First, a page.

1a. There’s been plenty of talk about Kirk Cousins’s performance—or lack thereof—in big games (even if Monday Night Football doesn’t qualify as a big game anymore). The volume on that criticism gets turned up in light of his contract, and it will reach a crescendo as he makes his postseason debut for the Vikings. But he has a chance to rewrite some narratives on Sunday.
We’ve seen Minnesota's offense unable to function against great pass rushes, and Cam Jordan is capable of wrecking this game singlehandedly. But with Marcus Davenport and Sheldon Rankins out there’s really no one else in the New Orleans pass rush who the Vikings shouldn’t be able to handle. Dennis Allen dials up some well-timed blitzes, but Cousins has been excellent against the blitz all year. The issues have been against teams the create pressure without the extra rusher.
It’s not easy to go into New Orleans in January, but for Cousins, it’s really not a bad matchup, especially with Adam Thielen and Dalvin Cook presumably back in full and the Saints thin in the secondary. And if the stage starts to feel too big for Cousins, my advice is to just picture everybody in their underwear.
1b. If it was Michael Thomas versus the Xavier Rhodes of two years ago, it would be a monster matchup. But right now, it’s a mismatch. The fact that the Vikings probably don’t have the bodies to deal with Thomas and Alvin Kamara (and Jared Cook) is probably why the Saints roll to a comfortable victory in their own building.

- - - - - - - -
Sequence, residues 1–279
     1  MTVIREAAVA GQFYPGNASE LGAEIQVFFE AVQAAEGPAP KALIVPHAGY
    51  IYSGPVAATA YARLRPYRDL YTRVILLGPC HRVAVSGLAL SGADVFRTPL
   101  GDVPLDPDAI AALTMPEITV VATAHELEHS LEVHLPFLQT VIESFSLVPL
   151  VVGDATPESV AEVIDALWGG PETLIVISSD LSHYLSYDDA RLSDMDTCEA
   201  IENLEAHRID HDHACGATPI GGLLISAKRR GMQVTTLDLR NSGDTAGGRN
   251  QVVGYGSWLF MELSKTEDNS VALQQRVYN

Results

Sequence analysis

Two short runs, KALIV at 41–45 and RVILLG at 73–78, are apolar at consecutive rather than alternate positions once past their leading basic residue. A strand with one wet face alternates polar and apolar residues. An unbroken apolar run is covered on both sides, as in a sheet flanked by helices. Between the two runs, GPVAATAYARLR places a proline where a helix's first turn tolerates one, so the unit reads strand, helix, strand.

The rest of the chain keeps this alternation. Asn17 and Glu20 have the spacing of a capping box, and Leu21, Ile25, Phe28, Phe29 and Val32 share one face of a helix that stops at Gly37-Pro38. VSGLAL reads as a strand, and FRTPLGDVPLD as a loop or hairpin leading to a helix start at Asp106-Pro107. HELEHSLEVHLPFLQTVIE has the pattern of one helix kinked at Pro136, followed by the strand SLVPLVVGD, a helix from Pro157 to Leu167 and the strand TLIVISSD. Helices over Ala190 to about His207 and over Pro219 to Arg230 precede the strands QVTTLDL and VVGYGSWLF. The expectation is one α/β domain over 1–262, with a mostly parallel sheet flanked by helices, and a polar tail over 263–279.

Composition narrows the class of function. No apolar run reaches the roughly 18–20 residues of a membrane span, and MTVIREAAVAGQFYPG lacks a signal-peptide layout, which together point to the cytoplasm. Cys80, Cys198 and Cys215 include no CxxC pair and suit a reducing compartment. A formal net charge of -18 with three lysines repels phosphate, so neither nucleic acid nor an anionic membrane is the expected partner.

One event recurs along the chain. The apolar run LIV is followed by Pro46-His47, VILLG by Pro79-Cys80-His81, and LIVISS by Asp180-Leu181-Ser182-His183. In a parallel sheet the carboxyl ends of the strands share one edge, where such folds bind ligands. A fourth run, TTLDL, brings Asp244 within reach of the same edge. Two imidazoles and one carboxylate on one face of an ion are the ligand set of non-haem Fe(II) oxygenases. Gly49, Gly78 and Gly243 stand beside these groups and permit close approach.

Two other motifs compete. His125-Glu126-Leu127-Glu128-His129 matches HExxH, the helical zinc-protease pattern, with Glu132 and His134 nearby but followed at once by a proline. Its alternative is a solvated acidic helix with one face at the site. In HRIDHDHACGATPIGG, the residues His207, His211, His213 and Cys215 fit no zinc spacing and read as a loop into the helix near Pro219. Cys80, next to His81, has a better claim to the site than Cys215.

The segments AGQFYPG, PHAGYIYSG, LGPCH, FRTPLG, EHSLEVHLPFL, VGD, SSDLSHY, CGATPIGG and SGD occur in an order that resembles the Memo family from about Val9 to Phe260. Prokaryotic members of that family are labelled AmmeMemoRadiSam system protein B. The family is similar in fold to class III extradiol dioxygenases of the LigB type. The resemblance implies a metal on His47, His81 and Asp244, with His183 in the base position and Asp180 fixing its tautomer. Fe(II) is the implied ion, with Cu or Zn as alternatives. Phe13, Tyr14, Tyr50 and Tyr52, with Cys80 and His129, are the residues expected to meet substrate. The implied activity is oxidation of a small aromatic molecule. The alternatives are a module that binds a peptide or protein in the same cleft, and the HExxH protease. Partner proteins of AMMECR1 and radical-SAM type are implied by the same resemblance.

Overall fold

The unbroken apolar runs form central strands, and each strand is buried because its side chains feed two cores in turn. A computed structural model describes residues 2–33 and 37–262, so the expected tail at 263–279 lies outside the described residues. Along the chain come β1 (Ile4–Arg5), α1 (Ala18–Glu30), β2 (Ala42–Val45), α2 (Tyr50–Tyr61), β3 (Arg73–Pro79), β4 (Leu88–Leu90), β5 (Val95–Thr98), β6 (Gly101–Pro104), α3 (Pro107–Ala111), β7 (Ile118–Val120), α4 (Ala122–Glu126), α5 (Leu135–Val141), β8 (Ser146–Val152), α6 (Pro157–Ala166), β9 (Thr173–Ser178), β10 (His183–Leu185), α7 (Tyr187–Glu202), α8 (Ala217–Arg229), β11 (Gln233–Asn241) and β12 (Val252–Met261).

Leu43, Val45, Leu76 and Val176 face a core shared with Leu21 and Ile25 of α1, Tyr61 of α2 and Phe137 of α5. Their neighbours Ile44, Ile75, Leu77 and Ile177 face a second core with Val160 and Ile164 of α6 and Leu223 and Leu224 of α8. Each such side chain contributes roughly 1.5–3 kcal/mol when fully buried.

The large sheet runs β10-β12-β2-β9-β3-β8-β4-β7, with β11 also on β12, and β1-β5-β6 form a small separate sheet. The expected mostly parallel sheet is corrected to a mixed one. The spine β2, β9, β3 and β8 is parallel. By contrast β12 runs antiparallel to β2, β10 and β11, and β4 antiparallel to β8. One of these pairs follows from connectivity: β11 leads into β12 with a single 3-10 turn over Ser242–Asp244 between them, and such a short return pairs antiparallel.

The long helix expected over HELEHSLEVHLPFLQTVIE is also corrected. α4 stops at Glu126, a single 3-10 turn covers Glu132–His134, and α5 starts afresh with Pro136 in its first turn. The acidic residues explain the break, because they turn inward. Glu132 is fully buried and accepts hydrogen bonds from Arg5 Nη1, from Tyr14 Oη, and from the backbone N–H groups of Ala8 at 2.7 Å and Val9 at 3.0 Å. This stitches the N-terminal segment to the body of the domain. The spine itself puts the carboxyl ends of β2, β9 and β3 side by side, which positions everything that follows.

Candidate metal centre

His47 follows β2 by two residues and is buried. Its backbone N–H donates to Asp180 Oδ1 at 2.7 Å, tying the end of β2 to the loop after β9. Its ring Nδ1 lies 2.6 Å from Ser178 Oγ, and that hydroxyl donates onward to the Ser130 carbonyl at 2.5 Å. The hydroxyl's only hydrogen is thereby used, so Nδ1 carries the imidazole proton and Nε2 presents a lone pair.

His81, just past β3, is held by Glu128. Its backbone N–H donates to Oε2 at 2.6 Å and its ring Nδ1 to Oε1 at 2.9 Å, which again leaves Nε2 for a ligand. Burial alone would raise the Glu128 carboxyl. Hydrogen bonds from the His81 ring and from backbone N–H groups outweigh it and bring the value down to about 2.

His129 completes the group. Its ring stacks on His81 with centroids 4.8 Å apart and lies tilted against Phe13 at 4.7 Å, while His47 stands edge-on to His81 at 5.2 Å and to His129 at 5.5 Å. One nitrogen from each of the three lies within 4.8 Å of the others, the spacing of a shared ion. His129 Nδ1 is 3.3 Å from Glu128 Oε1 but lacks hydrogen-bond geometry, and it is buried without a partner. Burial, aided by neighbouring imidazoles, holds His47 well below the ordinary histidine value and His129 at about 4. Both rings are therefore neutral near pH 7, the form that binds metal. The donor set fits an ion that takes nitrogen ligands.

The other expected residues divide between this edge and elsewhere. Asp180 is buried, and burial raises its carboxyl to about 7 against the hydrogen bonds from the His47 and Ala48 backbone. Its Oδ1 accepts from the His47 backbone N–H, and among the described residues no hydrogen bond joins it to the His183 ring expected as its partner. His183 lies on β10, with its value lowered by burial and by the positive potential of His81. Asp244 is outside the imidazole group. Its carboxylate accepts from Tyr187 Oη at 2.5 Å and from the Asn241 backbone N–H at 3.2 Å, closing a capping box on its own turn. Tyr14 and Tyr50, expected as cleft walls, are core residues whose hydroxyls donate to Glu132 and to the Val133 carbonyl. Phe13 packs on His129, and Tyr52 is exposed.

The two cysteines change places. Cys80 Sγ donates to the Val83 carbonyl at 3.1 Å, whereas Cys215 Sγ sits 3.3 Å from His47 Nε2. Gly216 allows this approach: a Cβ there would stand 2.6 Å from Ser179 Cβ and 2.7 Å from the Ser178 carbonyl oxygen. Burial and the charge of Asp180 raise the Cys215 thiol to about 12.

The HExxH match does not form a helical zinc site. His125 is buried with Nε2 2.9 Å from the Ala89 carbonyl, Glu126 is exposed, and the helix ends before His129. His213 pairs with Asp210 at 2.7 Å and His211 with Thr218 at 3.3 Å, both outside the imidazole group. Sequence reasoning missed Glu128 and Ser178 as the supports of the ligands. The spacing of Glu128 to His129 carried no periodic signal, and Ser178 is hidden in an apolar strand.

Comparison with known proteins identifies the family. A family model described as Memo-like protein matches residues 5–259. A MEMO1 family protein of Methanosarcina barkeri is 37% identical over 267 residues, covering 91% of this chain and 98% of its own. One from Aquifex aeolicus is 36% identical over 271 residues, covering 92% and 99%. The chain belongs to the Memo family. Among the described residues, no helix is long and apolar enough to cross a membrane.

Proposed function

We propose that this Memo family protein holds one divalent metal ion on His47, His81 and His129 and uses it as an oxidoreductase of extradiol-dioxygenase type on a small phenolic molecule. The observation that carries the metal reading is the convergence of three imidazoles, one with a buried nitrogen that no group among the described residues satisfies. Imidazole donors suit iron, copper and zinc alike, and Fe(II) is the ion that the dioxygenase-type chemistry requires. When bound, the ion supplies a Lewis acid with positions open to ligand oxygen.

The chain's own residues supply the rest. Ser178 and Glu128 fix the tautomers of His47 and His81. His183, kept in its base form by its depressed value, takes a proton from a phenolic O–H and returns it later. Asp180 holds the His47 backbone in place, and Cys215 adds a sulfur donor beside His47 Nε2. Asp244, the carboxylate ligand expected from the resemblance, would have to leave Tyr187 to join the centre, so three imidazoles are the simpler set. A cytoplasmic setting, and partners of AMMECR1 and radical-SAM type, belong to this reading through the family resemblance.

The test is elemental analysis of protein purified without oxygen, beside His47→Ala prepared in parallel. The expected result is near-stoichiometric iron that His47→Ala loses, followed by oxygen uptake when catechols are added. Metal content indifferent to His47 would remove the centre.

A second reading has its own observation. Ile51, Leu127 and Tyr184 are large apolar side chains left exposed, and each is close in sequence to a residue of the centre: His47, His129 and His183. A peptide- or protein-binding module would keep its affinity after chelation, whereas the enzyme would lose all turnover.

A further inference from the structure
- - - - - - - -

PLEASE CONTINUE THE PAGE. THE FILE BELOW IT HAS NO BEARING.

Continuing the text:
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2a. If you’ve ever dreamed of expanded NFL playoffs that retain bye weeks for top seeds and therefore pit 7-9 teams against each other on the first weekend, consider Eagles-Seahawks a look into the wonderful future.
We’ll start with the Seahawks, who, even before a rash of injuries, were one of the most suspect success stories of the 2019 season. On the year they ranked third in opposing kicker luck (expected points by opposing kickers based on league averages on under 50, 50-plus and PATs vs. actual points scored by opposing kickers), something almost entirely out of a team’s control. They also ranked 10th in points above expected red-zone performance, a volatile stat every year. They finished 14th in point differential (+7), and if you smooth out opponent kicker and red-zone rates, they would have finished 20th in point differential.
And that doesn’t even factor in the turnovers, oh the turnovers! Teams that have a lot of takeaways typically have either a great pass rush that forces opponents into playing too fast and making mistakes, and/or a secondary with a ballhawk or two. The Seahawks have neither of those things, yet they managed a mind-bending 32 takeaways on the season. None of it makes sense. Like a performance that only could have taken place within the Twin Peaks universe, and probably would have involved the backward-talking guy tipping off Pete Carroll, or at least giving Carroll good news about his gum.